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What Is HIV (and How Is It Different from AIDS)?

Learn more about how HIV takes a toll on your immune system.
What Is HIV (and How Is It Different from AIDS)?5:41
What Is HIV (and How Is It Different from AIDS)?
The Earliest Symptoms of HIV3:22
The Earliest Symptoms of HIV
Getting an HIV Test: What You Need to Know2:55
Getting an HIV Test: What You Need to Know
Must-Know Information About HIV Treatment Options3:46
Must-Know Information About HIV Treatment Options
How HIV Tests Work: What to Know Before You Get One2:22
How HIV Tests Work: What to Know Before You Get One
What Is PrEP (and How Does It Help Prevent HIV)?1:51
What Is PrEP (and How Does It Help Prevent HIV)?
Who Should Take PrEP to Prevent HIV? A Doctor Explains0:57
Who Should Take PrEP to Prevent HIV? A Doctor Explains
How PrEP Actually Works to Prevent HIV1:04
How PrEP Actually Works to Prevent HIV
This Myth About PrEP, the HIV Prevention Drug, Is Dangerous to Believe1:14
This Myth About PrEP, the HIV Prevention Drug, Is Dangerous to Believe
How PEP Can Prevent HIV After a High-Risk Exposure1:15
How PEP Can Prevent HIV After a High-Risk Exposure
5 Dangerous Myths About HIV You Must Stop Believing3:32
5 Dangerous Myths About HIV You Must Stop Believing

New research for HIV, or human immunodeficiency virus, has greatly advanced HIV treatment and prevention efforts. Although there is no cure for HIV, patients who stick with their medication are living longer, stronger, and healthier lives.

Here’s what we know about HIV. HIV is a kind of virus that attacks the CD4 T cells in the immune system, or the part of your body that protects you against infections. Upon transmission, the HIV virus multiplies rapidly and creates several million copies within the first couple of weeks, according to hematologist Jeffrey Laurence, MD, of Weill Cornell Medicine in New York City. Dr. Laurence is also is the senior scientific consultant for programs at amfAR, the Foundation for AIDS Research.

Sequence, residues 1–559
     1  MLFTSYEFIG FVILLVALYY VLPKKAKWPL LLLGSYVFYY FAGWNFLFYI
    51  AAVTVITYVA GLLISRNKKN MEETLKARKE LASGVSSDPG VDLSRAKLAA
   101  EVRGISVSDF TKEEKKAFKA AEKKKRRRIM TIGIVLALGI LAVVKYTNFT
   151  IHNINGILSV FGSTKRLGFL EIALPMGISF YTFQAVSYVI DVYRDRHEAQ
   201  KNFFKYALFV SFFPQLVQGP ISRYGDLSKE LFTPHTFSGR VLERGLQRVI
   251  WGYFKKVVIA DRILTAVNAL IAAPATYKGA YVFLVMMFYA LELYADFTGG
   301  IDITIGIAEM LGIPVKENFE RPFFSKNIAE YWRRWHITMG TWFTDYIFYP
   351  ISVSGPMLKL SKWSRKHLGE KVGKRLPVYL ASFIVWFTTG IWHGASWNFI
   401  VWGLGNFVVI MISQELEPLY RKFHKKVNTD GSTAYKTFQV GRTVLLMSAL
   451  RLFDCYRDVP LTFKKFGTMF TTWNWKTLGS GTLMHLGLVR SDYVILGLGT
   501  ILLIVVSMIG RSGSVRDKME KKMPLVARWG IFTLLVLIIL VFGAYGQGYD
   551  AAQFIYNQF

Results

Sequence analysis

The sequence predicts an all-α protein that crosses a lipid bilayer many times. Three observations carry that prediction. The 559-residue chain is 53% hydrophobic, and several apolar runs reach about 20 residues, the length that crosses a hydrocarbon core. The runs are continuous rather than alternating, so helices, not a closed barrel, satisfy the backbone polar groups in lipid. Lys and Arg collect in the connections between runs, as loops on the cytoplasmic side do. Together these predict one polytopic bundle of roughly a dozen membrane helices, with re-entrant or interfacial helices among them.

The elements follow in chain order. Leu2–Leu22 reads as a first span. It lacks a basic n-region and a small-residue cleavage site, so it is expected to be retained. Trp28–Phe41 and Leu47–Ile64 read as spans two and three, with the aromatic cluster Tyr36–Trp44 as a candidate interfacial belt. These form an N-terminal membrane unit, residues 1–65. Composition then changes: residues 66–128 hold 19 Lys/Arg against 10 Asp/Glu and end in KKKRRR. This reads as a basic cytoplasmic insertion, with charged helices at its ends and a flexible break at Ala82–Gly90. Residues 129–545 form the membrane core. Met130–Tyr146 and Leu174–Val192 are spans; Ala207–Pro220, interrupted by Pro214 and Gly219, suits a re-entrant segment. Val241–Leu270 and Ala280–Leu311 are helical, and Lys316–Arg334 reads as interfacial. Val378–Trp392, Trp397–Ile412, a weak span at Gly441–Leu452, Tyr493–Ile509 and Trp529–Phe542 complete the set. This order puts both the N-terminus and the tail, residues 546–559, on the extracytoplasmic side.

In early stages, HIV presents itself as what many describe as the “worst flu ever.” As the body tries to fight back against the infection, someone with HIV may experience severe flu-like symptoms, and other issues including skin lesions, diarrhea, headaches, and high fever. Learn more about the progression of HIV symptoms here.

The body adapts to this, however, and HIV shifts to a latent period, which may last several years. If untreated, the virus will continue to destroy T cells, and HIV patients will become more vulnerable to cancers, viral hepatitis, tuberculosis, and other infections. 

Doctors can track the progression of a patient’s HIV using the T cell count. Once someone’s T cell count drops below 200, the patient is diagnosed with AIDS, or Acquired Immune Deficiency Syndrome. AIDS is the last stage of HIV infection, when the immune system is at its weakest.

Transmission of HIV occurs when bodily fluids from an infected person enter another person’s body in one of four ways: sexual transmission (including vaginal, anal, or oral), sharing needles, direct contact with contaminated blood, or transmission between mother and fetus. Contrary to popular belief, HIV is not transmitted through air, water, hugging, saliva, sweat, tears, mosquitos, or sharing food or drinks. 

It is important to remember that not all people with HIV show symptoms, so doctors recommend you consistently use a condom with sexual partners when you don’t know their HIV status.

What’s important to know, says Dr. Laurence, is that “HIV is no longer a death sentence.” Thanks to modern treatments for HIV, which can be as simple as one pill a day, doctors now see no difference in the lifespan of someone infected with HIV and someone who isn’t, as long as patients adhere to their HIV drug regimen and get regular medical care.

Jeffrey Laurence, MD

This video features information from Jeffrey Laurence, MD. Dr. Laurence is a hematologist and professor of medicine at Weill Cornell Medicine and NewYork-Presbyterian Hospital. He is the senior scientific consultant for programs at amfAR, The Foundation for AIDS Research.

Duration: 5:41. Last Updated On: June 26, 2019, 8:02 p.m.
Reviewed by: Holly Atkinson, MD, Mera Goodman, MD, Preeti Parikh, MD . Review date: Aug. 6, 2017

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